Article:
Scott Gold of the Los Angeles Times is the first mainstream reporter on the story about a new order of priests to be called Missionaries of the Gospel of Life. The order will devote the majority of its efforts to resisting abortion and euthanasia through political organizing.
The report quotes extensively from the Rev. Frank Pavone of Priests for Life, founder of the new order, and from Bishop John Yanta of Amarillo, Texas, who will provide the order with cost-free housing.
Gold’s writing is mostly balanced, with the usual qualifiers of partial quotes and “what they describe”:
They also will “bring healing and forgiveness” to those who have had abortions and will provide what they describe as counseling services to women who are “tempted to abort their child,” [Pavone] said.
Gold checks in with the local Planned Parenthood chapter, which expresses its concerns about the new order’s founding:
But in a prepared statement, Planned Parenthood of Amarillo and the Texas Panhandle expressed concerns that the society could attract extremists who might resort to violence to further the antiabortion cause.
Planned Parenthood said it feared that people trained by the society would use hardball tactics against healthcare providers, such as organizing clinic blockades.
Healthcare professionals and women’s right advocates often criticize such tactics as acts of intimidation intended to shame women who already are facing difficult decisions
If there is increased activity of that sort, Planned Parenthood said, money likely will be diverted from healthcare to security. And if women are afraid to go to area clinics, the number of unintended pregnancies could rise, the group’s statement said.
It’s worth mentioning here, as Gold does not, that Priests for Life repudiates all violence, and has offered $50,000 to those whose tips help authorities arrest vigilante killers.
While we’re on the subject of the culture of life, pundit Anna Quindlen has determined that no such thing exists:
It is an empty suit of a phrase, absent an individual to give it shape. There is no culture of life. There is the culture of your life, and the culture of mine. There is what each of us considers bearable, and what we will not bear. There are those of us who believe that under certain conditions the cruelest thing you can do to people you love is to force them to live. There are those of us who define living not by whether the heart beats and the lungs lift but whether the spirit is there, whether the music box plays.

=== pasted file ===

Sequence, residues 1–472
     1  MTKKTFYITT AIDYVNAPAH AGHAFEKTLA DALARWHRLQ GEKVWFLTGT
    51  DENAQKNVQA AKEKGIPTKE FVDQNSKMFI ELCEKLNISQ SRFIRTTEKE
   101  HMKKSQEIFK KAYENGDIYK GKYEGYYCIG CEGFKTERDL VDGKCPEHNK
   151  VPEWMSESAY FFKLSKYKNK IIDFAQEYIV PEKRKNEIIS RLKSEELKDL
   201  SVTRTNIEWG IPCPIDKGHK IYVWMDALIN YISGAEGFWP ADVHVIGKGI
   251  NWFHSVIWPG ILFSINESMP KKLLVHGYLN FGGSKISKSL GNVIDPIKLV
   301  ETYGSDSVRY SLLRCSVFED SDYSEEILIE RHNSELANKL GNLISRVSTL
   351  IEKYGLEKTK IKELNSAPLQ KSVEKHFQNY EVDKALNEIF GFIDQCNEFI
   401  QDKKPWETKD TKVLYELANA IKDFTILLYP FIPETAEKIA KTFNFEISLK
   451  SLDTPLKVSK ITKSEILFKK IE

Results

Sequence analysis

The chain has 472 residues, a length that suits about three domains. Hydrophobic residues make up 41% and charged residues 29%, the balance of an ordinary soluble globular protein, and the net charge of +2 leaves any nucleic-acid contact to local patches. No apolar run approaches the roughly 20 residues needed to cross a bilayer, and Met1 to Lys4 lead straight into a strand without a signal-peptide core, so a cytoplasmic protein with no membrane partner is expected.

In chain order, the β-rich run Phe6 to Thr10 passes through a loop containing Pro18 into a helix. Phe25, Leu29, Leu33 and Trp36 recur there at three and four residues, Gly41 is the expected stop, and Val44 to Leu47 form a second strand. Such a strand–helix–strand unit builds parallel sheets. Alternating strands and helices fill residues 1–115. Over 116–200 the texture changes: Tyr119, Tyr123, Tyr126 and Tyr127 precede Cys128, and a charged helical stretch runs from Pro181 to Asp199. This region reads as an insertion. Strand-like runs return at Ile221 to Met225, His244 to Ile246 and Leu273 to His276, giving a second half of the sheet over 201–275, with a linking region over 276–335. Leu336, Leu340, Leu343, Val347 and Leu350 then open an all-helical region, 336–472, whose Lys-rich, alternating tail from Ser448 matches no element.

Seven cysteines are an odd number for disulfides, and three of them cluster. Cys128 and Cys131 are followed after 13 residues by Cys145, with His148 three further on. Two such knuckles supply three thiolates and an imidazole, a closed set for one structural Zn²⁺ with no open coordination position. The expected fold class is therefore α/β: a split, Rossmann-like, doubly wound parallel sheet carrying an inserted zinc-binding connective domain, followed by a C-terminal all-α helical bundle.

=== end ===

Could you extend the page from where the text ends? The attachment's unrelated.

Again we see the quasi-Gnostic notion that Terri Schiavo’s spirit departed her body 15 years ago, except this time Quindlen attributes this finding to — brace yourselves — doctors: “A raft of doctors said over the years that Terri’s reactions were purely reflexive, that she would not recover, that she would never be more than the vessel in which her spirit once lived, like a music box that no longer plays.”
It’s always good to hear about the interaction of faith and medicine, but I would worry if my family doctor began referring to any patient as a music box that no longer plays.
Quindlen is unequivocal in explaining where she stands in the debate about end-of-life issues:
Last week my father and I received this short e-mail from my sister, a public-school teacher in San Francisco:
i’m telling you both this now
if i am ever in a ‘persistent vegetative state’ please let me die
do not have a feeding tube put in me
and in no uncertain terms: do not let the united states government get involved.
No public official is going to tell me how to xoxo my sister. No church, no court. The Schiavo case has asked us to look at our own definition of life, not at some formless notion cobbled out of the Bible, medical textbooks and impersonal sentiment.
Quindlen can call that position whatever she likes, but she lacks the moral authority to deprive others (including Pope John Paul II) of the phrase culture of life.
If that gives Ms. Quindlen the heebie-jeebies, she’ll have to get used to it.